Warsaw (Poland), September, 2004
February 26, 1920|
February 20, 2006 (aged 85)|
|Pen name||Wilk; Waldemar Mruczkowski; W. Lucjański; (L.W.); lu; Lu; (lw); WOL.|
|Occupation||journalist, translator and traveller|
|Partner||Anna-Bożenna Wolanowska (Szumowska) (b. 1924)|
|Children||Anna Nathan (b. March 4, 1952)|
Lucjan Wilhelm Wolanowski (Lucjan Kon; February 26, 1920 in Warsaw, Poland – February 20, 2006 in Warsaw), pseudonyms: Wilk; Waldemar Mruczkowski; W. Lucjański; (L.W.); lu; Lu; (lw); WOL., Polish journalist, writer and traveller.
Born into an intellectual family. Son of Henryk Kon (lawyer) and Róża Wolanowska, the great-grandson of Majer Wolanowski (1844–1900), the well-known Polish manufacturer. His sister, Elżbieta (Kon) Wassongowa (1908–2007) was a Polish translator and book editor.
Wolanowski studied chemistry at the Grenoble Polytechnical Institute (France 1938-1939), but the outbreak of World War II caught him during a vacation in his homeland. During World War II he fought as a soldier of the Polish clandestine resistance movement Home Army, and he acted as literary contributor to the Polish underground press.
After the war he worked with the Polish Press Agency (from 1945); he was a commentator from various conferences for journalists in the Foreign Secretary in Warsaw. In this period he met such famous people as Edward R. Murrow, Sydney Gruson, Flora Lewis, Larry Allen, Vicent Buist or Pierre Marechal, who were correspondents in Poland then. He worked as a journalist at the weekly magazine Przekrój (1945–1950); the illustrated weekly Świat (The World, 1951–1969); the magazine Dookoła świata (1969–1976) and with the magazine Magazyn Polski (1976–1988).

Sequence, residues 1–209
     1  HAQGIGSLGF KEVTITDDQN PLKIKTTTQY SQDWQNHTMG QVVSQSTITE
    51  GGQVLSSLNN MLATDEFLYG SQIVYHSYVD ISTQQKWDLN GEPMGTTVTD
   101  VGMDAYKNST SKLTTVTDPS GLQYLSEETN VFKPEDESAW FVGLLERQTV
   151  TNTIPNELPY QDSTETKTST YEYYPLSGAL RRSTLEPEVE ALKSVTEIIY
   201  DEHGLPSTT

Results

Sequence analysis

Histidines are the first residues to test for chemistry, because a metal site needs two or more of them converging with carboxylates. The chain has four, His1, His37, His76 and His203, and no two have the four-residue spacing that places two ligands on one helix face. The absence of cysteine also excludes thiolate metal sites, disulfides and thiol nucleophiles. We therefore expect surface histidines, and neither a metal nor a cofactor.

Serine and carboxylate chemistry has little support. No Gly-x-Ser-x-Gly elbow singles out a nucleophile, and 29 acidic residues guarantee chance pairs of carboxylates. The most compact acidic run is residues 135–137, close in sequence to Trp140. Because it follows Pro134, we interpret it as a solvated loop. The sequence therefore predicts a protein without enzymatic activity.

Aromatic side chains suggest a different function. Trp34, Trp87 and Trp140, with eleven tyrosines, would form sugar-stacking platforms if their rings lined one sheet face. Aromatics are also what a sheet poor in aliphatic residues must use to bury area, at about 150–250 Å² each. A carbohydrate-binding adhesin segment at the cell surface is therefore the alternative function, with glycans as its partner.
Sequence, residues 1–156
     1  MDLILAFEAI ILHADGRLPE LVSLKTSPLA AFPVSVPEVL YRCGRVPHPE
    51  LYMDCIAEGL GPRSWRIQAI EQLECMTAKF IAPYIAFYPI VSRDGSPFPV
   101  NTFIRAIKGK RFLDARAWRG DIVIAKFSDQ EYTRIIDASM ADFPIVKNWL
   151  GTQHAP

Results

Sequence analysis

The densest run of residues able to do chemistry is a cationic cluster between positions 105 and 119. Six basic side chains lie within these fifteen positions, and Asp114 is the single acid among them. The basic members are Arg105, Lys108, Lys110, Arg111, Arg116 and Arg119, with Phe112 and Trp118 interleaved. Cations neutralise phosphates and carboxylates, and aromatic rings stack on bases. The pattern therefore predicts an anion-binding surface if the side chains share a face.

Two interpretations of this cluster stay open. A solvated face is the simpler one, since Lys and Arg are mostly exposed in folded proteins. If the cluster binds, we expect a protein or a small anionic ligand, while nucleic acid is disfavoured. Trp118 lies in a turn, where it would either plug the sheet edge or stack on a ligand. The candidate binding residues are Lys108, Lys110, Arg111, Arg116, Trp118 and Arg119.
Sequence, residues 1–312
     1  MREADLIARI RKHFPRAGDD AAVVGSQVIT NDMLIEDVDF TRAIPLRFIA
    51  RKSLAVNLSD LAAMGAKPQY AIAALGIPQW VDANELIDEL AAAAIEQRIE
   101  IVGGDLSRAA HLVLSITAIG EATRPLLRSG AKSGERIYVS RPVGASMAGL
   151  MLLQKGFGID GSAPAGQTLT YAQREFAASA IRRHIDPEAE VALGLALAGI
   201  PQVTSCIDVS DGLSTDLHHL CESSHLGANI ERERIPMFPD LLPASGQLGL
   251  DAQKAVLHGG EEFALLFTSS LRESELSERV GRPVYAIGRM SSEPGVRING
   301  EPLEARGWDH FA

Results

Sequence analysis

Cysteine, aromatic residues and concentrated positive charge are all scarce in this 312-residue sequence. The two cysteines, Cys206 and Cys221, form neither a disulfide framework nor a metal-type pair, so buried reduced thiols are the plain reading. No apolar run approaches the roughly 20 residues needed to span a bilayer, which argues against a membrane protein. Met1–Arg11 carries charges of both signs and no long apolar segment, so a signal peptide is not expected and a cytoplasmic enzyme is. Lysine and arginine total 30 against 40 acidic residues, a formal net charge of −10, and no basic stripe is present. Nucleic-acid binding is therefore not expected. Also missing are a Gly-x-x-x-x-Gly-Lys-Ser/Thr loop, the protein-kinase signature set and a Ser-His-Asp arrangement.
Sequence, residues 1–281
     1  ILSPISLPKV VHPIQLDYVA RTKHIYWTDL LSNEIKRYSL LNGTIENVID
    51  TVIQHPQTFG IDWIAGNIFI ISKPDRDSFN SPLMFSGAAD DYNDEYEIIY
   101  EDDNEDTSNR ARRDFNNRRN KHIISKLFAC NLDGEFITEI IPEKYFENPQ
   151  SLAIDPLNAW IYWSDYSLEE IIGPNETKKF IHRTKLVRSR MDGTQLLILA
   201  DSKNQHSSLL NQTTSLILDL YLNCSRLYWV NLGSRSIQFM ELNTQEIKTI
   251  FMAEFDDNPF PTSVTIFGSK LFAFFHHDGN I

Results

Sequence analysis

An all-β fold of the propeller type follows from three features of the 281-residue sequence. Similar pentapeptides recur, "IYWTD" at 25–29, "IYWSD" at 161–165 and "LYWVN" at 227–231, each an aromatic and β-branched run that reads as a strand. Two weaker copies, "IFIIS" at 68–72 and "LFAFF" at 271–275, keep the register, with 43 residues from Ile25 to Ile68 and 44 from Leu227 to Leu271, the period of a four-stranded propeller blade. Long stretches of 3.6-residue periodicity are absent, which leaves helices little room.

He joined a ship-rescue operation in a Norwegian fiord, made a long trip aboard an Icelandic cutter in North Atlantic waters. He went on five trips around the world (1960–1972) and also visited the Pacific region – he visited Australia, Japan, New Zealand, Papua and New Guinea, West Irian, French Polynesia, Fiji, Hong-Kong and Singapore; accredited to the headquarters of the UN Troops in New Guinea during the landing operation (1962–1963); as the US stipendist (he was granted a scholarship United States Department of State - "Program for Leaders"), he belonged to the team of reporters (as the only reporter from the Eastern Bloc) to cover the take off of the space vessel Gemini 5 in 1965 (Cape Kennedy, Florida); he acted as advisor to the World Health Organization Information Department in Geneva, then in a similar capacity at the WHO branches in New Delhi, Bangkok and Manila 1967–1968. He traveled aboard an Australian light-house tender m.v. Cape Moreton, servicing light-houses on the small Coral Sea islands and took part in an Australian whaling expedition. Was rescued by black-trackers during his wanderings across the Kimberley desert.
He wrote 25 books, translated into 7 languages and depicting mainly his travels. He did not specialize in economics or in politics, but always looked for "the human side of the story" and tred to see for himself the things he was going to write about. All his books are illustrated by pictures he shot himself.